Grill Safely this Summer

Grilling is a great way to enjoy the outdoors while feeding friends and family, but there can be serious hazards if certain safety precautions are not followed.

The aroma of food cooking on a grill is a surefire sign that summer is in full swing.

But for some, grilling can be intimidating. Flare-ups and hot coals can lead to burnt food, not to mention burns to clothing, property and people.

Locally, a great spot for grilling supplies and accessories is . Great spots to get meat or seafood to grill include My Butcher and More in the Clock Tower Shopping Center and on Forest Drive.

There are two camps in the grilling wars: charcoal and gas.

Kerry Britt, owner of  in Bowie's Fairwood Shopping Center said that he prefers working with charcoal rather than gas grills.

"Make sure your fire is hot," said Britt. "I prefer charcoal because I think you get a better flavor off of the meat."

Whether grilling with a charcoal or gas grill, cooking by direct heat is usually the best way to cook the staples: steak, chicken, seafood and hamburgers and hot dogs. With direct heat, an even temperature of 300 to 400 degrees across the surface of the grill is important to ensure even cooking. 

Britt recommends charcoal starters—which he says can be found at any hardware store—rather than using lighter fluid. The starters make it easier to get a charcoal grill going, and the danger level goes down dramatically.

"A tip I learned from my dad is to build a charcoal mountain," Britt said. "What you want are ashes, at least around the edges, on the charcoal to give you that nice even heat. If it's not there yet, let it ash more before putting your meat on."

Britt also stressed that temperature control is one of the most important parts of charcoal grilling. "A lot of oil and animal fat is going to drip down and cause flare-ups," he said.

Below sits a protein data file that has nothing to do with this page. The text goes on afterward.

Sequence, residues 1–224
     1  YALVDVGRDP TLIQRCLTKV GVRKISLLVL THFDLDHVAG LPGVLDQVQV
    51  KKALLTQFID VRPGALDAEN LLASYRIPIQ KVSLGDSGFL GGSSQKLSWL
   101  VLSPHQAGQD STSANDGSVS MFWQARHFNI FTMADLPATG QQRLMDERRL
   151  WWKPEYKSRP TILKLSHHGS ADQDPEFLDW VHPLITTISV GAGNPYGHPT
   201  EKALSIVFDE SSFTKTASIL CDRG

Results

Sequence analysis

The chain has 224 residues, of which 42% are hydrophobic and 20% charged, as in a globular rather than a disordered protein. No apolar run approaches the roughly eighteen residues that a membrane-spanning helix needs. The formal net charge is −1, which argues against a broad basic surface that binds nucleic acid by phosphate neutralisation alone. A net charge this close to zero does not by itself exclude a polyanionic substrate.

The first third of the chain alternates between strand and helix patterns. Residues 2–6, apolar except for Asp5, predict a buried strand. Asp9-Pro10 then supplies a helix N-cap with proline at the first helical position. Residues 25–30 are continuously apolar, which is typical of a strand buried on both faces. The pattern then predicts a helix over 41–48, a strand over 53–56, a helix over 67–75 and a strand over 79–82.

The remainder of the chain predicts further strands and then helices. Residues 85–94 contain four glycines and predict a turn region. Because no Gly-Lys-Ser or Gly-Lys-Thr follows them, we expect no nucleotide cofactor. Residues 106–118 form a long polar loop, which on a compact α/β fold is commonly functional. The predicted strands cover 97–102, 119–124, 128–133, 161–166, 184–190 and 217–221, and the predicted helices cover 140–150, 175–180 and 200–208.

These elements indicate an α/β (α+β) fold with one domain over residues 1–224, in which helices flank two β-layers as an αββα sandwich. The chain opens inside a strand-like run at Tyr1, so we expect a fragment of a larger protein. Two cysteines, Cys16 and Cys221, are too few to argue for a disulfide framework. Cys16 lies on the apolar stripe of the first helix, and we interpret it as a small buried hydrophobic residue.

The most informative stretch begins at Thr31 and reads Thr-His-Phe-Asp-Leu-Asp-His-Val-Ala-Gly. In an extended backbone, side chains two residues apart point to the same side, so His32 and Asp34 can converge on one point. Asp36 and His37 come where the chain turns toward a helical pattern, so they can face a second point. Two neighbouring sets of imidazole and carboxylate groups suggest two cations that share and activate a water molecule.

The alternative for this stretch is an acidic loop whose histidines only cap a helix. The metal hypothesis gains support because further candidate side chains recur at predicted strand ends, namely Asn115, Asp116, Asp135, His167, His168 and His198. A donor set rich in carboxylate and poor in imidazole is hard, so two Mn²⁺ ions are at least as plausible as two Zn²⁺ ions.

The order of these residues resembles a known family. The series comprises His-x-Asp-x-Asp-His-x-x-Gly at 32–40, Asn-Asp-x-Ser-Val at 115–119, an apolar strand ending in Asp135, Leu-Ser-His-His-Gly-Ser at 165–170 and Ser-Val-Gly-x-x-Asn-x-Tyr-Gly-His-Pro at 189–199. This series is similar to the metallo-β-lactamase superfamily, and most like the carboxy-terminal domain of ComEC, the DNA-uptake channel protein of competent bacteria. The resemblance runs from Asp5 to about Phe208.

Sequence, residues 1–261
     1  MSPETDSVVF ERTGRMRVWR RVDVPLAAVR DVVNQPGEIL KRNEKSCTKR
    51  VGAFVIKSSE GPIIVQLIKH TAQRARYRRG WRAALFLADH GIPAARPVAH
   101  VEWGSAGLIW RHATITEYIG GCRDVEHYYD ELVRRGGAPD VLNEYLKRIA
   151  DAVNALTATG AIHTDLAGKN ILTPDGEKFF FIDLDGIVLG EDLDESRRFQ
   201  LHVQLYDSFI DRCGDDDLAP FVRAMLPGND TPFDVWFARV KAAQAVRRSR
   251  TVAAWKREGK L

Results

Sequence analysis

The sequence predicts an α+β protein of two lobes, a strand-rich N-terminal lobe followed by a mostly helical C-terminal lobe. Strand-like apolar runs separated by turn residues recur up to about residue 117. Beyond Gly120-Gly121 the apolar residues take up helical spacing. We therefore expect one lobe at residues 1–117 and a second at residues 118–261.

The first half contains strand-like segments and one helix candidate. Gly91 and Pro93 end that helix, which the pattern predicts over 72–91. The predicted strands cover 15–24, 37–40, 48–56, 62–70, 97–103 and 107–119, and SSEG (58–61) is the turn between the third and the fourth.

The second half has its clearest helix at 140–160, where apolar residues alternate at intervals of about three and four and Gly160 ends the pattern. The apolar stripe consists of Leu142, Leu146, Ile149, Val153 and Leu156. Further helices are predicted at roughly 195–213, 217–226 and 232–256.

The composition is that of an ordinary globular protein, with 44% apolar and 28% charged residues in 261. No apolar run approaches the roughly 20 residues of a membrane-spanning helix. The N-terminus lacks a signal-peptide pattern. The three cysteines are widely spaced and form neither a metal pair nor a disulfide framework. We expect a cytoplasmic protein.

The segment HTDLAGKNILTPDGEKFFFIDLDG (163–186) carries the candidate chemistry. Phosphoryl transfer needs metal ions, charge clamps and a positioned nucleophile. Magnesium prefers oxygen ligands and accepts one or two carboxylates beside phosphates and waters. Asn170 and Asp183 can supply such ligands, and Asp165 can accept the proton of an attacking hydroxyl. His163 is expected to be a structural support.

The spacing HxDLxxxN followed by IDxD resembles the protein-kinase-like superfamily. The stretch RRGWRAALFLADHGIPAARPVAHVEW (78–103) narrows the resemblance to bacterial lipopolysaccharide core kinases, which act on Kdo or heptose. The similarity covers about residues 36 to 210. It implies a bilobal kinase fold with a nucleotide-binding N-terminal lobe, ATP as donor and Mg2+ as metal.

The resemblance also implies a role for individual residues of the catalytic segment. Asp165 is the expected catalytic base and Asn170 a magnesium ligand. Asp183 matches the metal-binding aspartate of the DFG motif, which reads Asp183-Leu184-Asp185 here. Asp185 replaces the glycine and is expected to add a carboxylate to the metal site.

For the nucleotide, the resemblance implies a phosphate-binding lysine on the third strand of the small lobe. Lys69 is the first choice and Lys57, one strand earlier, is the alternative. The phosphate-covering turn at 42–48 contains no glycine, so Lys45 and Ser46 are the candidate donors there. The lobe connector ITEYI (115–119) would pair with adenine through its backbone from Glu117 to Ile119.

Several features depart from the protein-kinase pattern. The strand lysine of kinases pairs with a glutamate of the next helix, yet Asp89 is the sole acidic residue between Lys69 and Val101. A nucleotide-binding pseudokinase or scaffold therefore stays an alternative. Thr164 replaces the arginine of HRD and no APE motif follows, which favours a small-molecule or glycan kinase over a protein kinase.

The two ways to control the flame and temperature are to either restrict the oxygen flow by closing the lid and lowering the vents, or to keep a bottle of water nearby to deal with the flare ups. A fire extinguisher should also be kept on hand at all times.

Another method for cooking meats is smoking, which uses indirect heat and cooks the meat at slower pace, breaking down the meat and making the cuts more tender.

"Slow and low is the key with smoking," said Britt.

Temperatures should be around 200 to 225 degrees when smoking meats. While this takes a considerable amount more time, the flavor and tenderness make it worthwhile, he said.

Here are a few grilling tips:

  • Make sure that your grill is at least 10 feet away from any other objects, including your house and any shrubs or trees.
  • Always stay near the grill when cooking.
  • Only use started fluid made for barbecue grills when starting a fire for a charcoal grill.
  • Before using a gas grill, check the connection between the tank and the fuel line to make sure it’s working properly and isn’t leaking.
  • Never use a flame to check for leaks in the line. If you think you have a leak, turn the gas off immediately. Don’t light the grill again until the leak is fixed.
  • Never grill inside your home or garage. This is a huge fire hazard and can also lead to carbon monoxide poisoning.
  • Make sure children and animals stay clear of the grilling area.

The  U.S. Consumer Product Safety Commission (CPSC) also has warnings for residents including:

  • Follow the manufacturer’s instructions when using propane tanks and checking for gas leaks.
  • Always keep a fire extinguisher nearby.
  • Don’t wear loose clothing while cooking.
  • Use long-handled utensils and be sure to keep a safe distance from the flames.
  • Do not store grills or freshly used coals indoors.


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